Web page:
Islands row: Japan fires water cannon at Taiwanese boat

TAIPEI (TIP): A boat with Taiwanese activists headed for disputed Japanesecontrolled islands turned back Thursday after coast guard vessels from the two sides converged and duelled with water cannon. The boat, carrying seven people including four Taiwanese activists, gave up a plan to land on the East China Sea islands after being blocked by Japanese coast guard vessels as it sailed within 17 nautical miles of the archipelago. “We fired water cannon at each other,” Taiwanese coast guard spokesman Shih Yiche said of the confrontation. The disputed islands, in an area where the seabed is believed to harbour valuable mineral reserves, are known as Senkaku in Japanese and Diaoyu in Chinese. Both China and Taiwan claim them. As the standoff unfolded, three Chinese surveillance vessels were positioned a few nautical miles off, the Taiwanese coast guard said. It added that it was the first time ships from China had been spotted near a Taiwanese-Japanese incident, and that it had sent a radio message to the three boats to keep their distance in order not to complicate matters. The incident came at a time of growing regional concern over the intensified friction over the islands between China and Japan, with both Beijing and Tokyo recently scrambling fighter jets to assert their claims to the area. The Japanese coast guard confirmed that it took action after encountering the Taiwanese vessel. “Our patrol boat carried out restrictions on the vessel such as blocking its path and discharging water,” it said in a statement. “The vessel left our country’s contiguous zone at around 1:30 pm (0430 GMT) and continued sailing west-southwest away from the Senkakus.” The activists, who set off in the early hours and were expected to return to Taiwan at about 7pm (1100 GMT), had hoped to place a statue of the Goddess of the Sea on the islands, to protect Taiwanese fishermen in the area. They had also intended to “maintain sovereignty” in defiance of Japan’s control, said Hsieh Mang-lin, the Taiwanese chairman of the Chinese Association for Protecting the Diaoyutais (Diaoyu Islands).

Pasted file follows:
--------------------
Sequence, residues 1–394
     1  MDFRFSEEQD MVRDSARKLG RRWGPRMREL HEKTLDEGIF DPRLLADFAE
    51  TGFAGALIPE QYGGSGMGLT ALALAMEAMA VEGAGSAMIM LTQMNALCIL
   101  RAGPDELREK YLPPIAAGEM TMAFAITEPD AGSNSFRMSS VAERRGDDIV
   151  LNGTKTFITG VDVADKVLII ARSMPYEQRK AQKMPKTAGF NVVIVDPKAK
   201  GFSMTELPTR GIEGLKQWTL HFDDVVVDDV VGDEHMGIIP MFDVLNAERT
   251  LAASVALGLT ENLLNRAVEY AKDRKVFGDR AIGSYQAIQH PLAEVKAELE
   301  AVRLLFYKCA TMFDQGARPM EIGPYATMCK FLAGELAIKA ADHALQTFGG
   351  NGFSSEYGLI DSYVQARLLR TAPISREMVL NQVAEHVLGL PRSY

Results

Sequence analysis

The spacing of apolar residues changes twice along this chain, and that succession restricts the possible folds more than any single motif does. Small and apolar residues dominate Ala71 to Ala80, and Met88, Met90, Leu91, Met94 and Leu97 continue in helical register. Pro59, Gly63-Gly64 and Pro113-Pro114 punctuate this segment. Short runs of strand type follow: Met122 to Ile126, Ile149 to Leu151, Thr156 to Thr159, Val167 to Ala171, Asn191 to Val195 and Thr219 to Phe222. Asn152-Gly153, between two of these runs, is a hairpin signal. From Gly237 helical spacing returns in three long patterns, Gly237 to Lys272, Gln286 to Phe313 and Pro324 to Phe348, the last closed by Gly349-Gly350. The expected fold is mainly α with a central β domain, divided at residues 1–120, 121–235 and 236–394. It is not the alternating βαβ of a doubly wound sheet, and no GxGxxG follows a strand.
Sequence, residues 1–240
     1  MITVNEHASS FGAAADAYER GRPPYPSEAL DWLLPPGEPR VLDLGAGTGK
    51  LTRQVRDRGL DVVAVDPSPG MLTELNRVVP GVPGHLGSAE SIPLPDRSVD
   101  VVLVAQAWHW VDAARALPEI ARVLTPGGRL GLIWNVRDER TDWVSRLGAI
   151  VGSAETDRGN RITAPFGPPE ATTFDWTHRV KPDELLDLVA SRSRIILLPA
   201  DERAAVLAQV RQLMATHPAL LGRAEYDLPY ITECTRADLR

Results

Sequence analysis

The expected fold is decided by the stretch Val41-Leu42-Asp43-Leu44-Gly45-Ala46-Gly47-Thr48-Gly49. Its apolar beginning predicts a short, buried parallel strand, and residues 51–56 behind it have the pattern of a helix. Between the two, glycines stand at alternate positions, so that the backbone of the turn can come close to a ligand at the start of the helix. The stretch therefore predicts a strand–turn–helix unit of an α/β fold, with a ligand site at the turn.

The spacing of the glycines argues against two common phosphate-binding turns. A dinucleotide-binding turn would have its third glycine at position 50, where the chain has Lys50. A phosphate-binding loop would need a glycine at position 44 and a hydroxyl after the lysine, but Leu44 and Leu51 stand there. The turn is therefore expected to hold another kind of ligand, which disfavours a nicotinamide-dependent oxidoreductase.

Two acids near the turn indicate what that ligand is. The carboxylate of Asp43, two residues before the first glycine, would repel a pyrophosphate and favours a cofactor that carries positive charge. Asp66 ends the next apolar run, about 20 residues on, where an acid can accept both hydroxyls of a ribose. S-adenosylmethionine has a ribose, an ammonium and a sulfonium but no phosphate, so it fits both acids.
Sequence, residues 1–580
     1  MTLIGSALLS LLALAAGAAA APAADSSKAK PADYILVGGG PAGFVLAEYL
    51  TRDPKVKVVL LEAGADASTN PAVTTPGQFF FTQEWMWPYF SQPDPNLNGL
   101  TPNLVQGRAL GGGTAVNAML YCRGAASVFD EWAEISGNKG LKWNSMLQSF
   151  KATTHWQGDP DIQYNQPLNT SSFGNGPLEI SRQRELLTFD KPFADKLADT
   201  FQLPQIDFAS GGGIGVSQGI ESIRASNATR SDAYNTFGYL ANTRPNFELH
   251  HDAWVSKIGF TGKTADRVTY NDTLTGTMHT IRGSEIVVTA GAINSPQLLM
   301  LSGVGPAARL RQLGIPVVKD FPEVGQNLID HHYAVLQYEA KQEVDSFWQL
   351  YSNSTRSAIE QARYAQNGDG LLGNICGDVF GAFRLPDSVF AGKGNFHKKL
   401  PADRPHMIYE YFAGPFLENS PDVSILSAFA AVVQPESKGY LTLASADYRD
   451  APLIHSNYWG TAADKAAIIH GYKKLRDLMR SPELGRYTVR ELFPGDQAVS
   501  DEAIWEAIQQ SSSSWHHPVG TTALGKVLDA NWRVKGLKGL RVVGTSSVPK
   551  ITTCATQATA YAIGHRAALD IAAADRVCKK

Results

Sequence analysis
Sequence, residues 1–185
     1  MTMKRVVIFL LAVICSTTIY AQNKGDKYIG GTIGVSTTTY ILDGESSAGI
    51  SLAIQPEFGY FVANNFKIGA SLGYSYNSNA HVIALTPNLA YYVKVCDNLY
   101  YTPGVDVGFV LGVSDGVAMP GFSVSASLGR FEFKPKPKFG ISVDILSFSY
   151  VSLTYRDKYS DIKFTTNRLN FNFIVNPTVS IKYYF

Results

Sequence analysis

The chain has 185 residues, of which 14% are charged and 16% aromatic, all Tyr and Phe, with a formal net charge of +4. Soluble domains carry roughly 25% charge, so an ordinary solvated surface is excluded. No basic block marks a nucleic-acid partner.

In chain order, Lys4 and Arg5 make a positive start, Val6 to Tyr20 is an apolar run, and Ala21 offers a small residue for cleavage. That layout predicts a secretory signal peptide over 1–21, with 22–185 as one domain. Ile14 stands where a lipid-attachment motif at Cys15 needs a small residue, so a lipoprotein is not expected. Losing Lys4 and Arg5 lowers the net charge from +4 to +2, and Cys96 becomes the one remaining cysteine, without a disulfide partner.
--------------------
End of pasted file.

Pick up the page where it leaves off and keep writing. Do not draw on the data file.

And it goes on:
Taiwan’s coast guard said four of its vessels on routine patrols in the area had protected the activists’ boat. “The coast guard will protect our people’s voluntary actions to defend the Diaoyu islands. coast guard vessels will go wherever the fishing boat is… to defend our sovereignty and protect our fishing rights,” it said in a statement. A Japanese foreign ministry spokesman said officials at the nation’s de facto embassy in Taipei, established in the absence of formal relations, had been in touch with the Taiwanese government about the incident. “We have repeatedly called on the Taiwan side to take proper action in order to prevent an unfavourable situation from arising in the favourable Japan-Taiwan relations,” he said. coast guard vessels from Japan and Taiwan also exchanged water cannon barrages in September after dozens of Taiwanese boats were escorted by patrol ships into the islands’ waters.

Previous activist landings have resulted in the arrest and deportation of those setting foot on what Japan says has been its indisputable territory for more than a century. The rocky island outposts have been the scene of a diplomatic tussle between Japan and China for months. Japan’s government nationalised three of them in September by taking them out of private Japanese ownership

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